Within the hours ahead of kickoff in LSU’s home opener against McNeese State, lines of fans stretched along the Pete Maravich Assembly Center ramp to get the COVID-19 tests or vaccines necessary to comply with the stadium’s recent mandate.
That set the stage for LSU to host a full capacity crowd for the first time in 651 days. Campus buzzed throughout the day as tailgaters made their triumphant return. The student section, filled to the brim, was loud in the first half, then slowly dissipated as LSU took a commanding lead.
The crowd of 94,220 wasn’t quite a sellout, and it’s still unknown how well LSU tackled the logistical challenge of checking for vaccines and tests at the gates. Overall, it was a sleepy night. But it’s a start, a taste of normal times as the sports world moves into the post-pandemic era.
That’s exactly what LSU’s win over McNeese state was Saturday night: a normal game. An FCS opponent came to Death Valley early in the season, took a licking, collected a check and went home. How long has it been since the Tigers played a normal game?
Though LSU won by a large margin like it was supposed to, their performance left viewers hunger for more. On offense, many of the same concerns of the UCLA game popped up against McNeese.
At halftime, LSU tallied only 62 yards on 20 carries. They converted only two of nine third downs. As the offensive line, without three starters, struggled to open up lanes for the Tigers’ backs and protect quarterback Max Johnson from pressure, an eerie quiet fell over Tiger Stadium. The offense looked as sluggish as it had against UCLA, and this performance was against a far inferior FCS opponent.
On one of the Tigers’ few promising first-half drives, receiver Jaray Jenkins let an easy catch slip through his hands on a 3rd and 11. LSU punted the next play.
On the flip side, the defense held firm. At the half, McNeese had collected only 53 yards. They went three-and-out five times and managed only 1.7 yards per play. Sophomore noseguard Jaquelin Roy breathed some life into the crowd by forcing and recovering a fumble deep in McNeese territory in the second quarter. That led to the Kayshon Boutte touchdown that put LSU up 14-0.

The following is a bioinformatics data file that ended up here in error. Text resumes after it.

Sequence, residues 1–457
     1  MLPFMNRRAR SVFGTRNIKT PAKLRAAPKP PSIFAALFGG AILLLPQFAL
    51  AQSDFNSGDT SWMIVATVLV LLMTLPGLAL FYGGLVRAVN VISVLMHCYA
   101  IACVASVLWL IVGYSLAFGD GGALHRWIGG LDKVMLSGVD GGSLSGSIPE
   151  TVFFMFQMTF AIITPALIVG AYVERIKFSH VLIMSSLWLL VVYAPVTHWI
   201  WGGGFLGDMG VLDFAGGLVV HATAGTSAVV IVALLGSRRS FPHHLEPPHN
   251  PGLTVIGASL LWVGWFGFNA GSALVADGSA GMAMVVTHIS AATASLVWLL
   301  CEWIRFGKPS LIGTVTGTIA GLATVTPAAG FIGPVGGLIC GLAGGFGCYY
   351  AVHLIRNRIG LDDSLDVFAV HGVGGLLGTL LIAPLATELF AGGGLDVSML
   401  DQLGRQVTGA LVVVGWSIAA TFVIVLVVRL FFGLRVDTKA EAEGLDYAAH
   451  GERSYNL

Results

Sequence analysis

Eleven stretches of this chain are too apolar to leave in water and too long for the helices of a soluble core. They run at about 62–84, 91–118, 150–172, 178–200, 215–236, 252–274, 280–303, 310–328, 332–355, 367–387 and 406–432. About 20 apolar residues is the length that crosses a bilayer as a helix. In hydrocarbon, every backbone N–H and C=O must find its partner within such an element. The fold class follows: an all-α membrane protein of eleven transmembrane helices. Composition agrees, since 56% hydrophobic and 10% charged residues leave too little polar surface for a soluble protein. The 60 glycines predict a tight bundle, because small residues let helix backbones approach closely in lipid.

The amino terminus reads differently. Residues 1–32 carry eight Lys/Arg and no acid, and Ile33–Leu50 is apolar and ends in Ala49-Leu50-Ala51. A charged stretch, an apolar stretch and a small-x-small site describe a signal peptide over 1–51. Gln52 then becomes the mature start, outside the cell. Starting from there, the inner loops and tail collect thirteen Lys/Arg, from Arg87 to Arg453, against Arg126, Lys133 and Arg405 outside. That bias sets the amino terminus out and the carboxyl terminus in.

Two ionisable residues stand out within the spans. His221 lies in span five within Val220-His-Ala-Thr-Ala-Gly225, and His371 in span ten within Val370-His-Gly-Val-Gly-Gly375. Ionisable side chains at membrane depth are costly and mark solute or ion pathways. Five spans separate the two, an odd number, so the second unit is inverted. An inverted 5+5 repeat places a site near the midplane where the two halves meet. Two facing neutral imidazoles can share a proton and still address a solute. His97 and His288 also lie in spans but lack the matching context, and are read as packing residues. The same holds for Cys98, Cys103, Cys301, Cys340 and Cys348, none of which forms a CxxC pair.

As the second half started, the crowd thinned out, and LSU’s offensive problems continued.
The first two drives of the half stalled. The first was a three-and-out that ended with a drop. The second fizzled after only four plays, and punter Avery Atkins trotted out for the fifth time.
The third drive, perhaps LSU’s best since the opening one, went 49 yards and ended in a Boutte score. After Johnson completed a couple nice passes—one to freshman tight end Jack Bech and one to Boutte—and evaded a rush and scrambled 10 yards, his night was done. Freshman signal caller Garrett Nussmeier took over the rest of the game.
After the game, the main topic of conversation was the offensive line. Ed Orgeron turned a question about LSU’s third down conversion rate into a criticism of the protection. He bemoaned the fact that some of his lineman were getting beat one-on-one too frequently, something that a program like LSU should not have to worry about against an FCS opponent. Orgeron said that the coaches can scheme receivers open and put their athletes in space all they want, but it won’t mean anything if Johnson is not protected.
“If we can’t protect the quarterback,” he said, “it’s not going to work.”
Boutte, fresh off scoring two more touchdowns and bringing his season total to five, lamented the offense’s slow start.
“I feel like we could’ve did more,” he said. “I felt like it shouldn’t have been a close game at all. We could’ve put up 60.”
Overall, LSU noted some improvements over a week ago. But if the Tigers want this season to be a success, they still have plenty of work to do.
This year, sellout crowds will give the team a boost. Post-game, Orgeron was more cheery than he was after UCLA. Perhaps the crowd, fully vaccinated, was the difference.
“What a great day,” he said. “Tremendous day. Our fans were amazing. I want to thank them.”